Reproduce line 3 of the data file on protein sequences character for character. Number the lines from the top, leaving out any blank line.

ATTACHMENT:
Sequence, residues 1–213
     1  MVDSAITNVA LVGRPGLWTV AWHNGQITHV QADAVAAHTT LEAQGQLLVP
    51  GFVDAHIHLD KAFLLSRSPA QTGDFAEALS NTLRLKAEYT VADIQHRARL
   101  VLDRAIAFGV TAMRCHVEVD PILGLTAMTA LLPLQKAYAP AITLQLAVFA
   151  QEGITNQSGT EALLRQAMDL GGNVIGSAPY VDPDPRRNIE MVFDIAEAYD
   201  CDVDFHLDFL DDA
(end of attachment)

    51  GFVDAHIHLD KAFLLSRSPA QTGDFAEALS NTLRLKAEYT VADIQHRARL